Entering into orbit will be fraught with dangers,


but if the spacecraft succeeds, it will give us our best


That's a summary of the latest BBC News - more at 9.30am.


The normally bring new sport right now but there has been a mix-up with


the rudder. We are looking for a sports presenter! We will talk about


Wales with some real Welsh people and people who are hoping to find


some Welsh somewhere in their heritage! First...


First this morning, an exclusive report by the former


Labour leader Ed Miliband, who investigates the rent-to-own


Rent-to-own companies allow shoppers to pay for items like TVs,


games consoles, fridges and washing machines in weekly instalments,


But consumers can end up paying up to three times more for the product


and we've discovered that some companies are selling these goods


to vulnerable people with mental health problems and learning


difficulties leading to concerns that they may not understand


The Citizens Advice Bureau tells us it receives thousands of complaints


a month about the sector and the regulator must do more


In this exclusive report, Ed Miliband tells us he wants


rent-to-own companies to be regulated like payday loan firms,


which since 2015 have had to cap the interest,


The former Labour leader has campaigned against rent-to-own


firms, and he's tried to persuade people to use credit unions instead.


against and he's tried to persuade people to use


The biggest company in the rent-to-own sector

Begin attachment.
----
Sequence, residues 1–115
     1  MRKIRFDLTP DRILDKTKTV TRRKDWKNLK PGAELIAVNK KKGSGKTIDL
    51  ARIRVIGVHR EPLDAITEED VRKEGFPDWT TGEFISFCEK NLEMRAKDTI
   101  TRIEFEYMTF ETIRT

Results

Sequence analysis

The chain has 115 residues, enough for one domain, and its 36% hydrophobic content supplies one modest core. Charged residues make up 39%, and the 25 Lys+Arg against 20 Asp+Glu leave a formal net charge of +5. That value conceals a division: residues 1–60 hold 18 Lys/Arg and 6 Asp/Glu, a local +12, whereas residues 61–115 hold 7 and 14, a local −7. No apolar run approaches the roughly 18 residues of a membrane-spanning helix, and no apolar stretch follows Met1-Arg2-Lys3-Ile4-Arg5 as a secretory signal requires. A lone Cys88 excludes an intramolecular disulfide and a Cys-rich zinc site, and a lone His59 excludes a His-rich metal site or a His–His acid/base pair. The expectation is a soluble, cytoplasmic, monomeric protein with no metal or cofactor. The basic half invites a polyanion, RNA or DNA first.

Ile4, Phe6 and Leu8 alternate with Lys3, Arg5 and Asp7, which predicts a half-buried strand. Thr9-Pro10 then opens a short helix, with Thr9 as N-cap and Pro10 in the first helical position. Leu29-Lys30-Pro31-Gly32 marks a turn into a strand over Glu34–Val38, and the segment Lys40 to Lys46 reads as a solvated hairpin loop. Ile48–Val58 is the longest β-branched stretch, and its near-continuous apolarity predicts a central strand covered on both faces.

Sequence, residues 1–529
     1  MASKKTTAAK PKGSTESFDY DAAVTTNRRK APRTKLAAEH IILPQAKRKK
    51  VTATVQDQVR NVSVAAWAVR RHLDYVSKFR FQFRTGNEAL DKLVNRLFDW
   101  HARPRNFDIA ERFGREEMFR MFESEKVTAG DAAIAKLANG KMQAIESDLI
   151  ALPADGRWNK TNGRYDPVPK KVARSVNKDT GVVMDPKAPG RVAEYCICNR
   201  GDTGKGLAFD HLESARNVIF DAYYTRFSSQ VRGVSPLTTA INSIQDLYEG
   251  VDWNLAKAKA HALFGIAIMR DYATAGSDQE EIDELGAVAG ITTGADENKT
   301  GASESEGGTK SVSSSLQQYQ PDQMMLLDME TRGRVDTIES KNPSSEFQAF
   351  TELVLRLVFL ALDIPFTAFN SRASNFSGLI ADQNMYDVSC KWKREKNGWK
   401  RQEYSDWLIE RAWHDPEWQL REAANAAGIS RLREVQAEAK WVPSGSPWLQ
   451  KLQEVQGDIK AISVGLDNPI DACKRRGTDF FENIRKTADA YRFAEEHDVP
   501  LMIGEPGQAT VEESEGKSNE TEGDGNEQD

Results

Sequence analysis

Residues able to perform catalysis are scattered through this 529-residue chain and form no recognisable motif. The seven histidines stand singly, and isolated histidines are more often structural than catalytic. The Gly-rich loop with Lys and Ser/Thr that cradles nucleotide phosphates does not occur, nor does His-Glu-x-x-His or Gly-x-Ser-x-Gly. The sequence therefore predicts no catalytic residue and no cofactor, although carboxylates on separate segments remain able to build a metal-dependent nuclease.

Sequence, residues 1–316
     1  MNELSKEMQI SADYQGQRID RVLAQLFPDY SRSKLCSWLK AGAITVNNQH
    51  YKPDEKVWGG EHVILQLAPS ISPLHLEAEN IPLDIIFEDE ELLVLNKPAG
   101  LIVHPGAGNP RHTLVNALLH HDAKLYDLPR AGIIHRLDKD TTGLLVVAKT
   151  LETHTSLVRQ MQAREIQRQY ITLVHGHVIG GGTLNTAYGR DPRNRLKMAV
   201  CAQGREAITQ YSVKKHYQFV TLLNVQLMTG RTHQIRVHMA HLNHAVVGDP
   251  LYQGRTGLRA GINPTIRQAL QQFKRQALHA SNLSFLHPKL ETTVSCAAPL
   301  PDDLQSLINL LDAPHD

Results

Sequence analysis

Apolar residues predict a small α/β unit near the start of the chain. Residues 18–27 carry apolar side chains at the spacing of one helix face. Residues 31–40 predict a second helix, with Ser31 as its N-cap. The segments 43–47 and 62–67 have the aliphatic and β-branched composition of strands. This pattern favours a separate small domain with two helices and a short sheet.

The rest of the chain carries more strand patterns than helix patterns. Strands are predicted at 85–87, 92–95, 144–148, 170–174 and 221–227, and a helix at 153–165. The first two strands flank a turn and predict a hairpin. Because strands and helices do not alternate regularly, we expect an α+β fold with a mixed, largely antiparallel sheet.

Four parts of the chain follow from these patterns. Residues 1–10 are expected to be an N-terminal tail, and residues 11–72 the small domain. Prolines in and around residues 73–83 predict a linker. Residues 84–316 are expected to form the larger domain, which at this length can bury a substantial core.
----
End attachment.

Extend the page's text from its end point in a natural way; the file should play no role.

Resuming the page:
We asked them to take part in our report -


With so much choice on the High Street, we are told


But around five million people in the UK can't get credit.


Lots of people can't borrow money to buy household goods like a TV


or cooker and I'm seeing more and more people turning


to rent-to-own shops like Perfect Home or BrightHouse,


People can get a TV on the spot and pay for it by weekly


instalments, but it can be incredibly expensive.


My constituents have told me they can end up paying


If they miss a payment or are late, the costs spiral, or worse


they lose their TV along with their money.


As leader of the Labour Party and now as a backbench MP,


I've talked about the need for firms to do right by their


BrightHouse have 300 stores across the country, often


One of them is in Doncaster, in my constituency,


and I want to find out what kind of service


I'm concerned that BrightHouse are taking advantage of people


on benefits and working on low incomes.


And in the course of our investigation I have been


that BrightHouse are selling to people with mental health


He suffers with mental health problems, severe mental


Craig is 38, and has autism and cerebral palsy.


His mum Betty says her son didn't understand the BrightHouse contract.


He'll pay but then he has got nothing for himself for food,


Just tell us a bit about what experience


Craig apparently had been in and bought this


I kept seeing it in the house and I didn't really twig.


Then I said how much are you paying for that?


How many times have I said don't touch them with a barge pole?


Do you think it would have been obvious to the BrightHouse staff


that Craig had learning difficulties?


And what was the reaction of BrightHouse when you


complained in the shop and when you wrote to them?


Well, the man in the shop said we go through this thing to make sure


Although Betty believes BrightHouse should have realised her son


was vulnerable, she does say they stopped taking payments


from Craig's account as soon as she told them about his situation


BrightHouse dispute Betty's claims that it would have been obvious that


Craig had learning difficulties as a member of staff


judged Craig to be capable of making his own decisions and had


no reason to believe he wasn't aware of what he was doing.


The Financial Conduct Authority, the body that regulates


If companies have reason to believe that the customer has


a learning disability, they must take reasonable steps


to assist the customer to make an informed decision.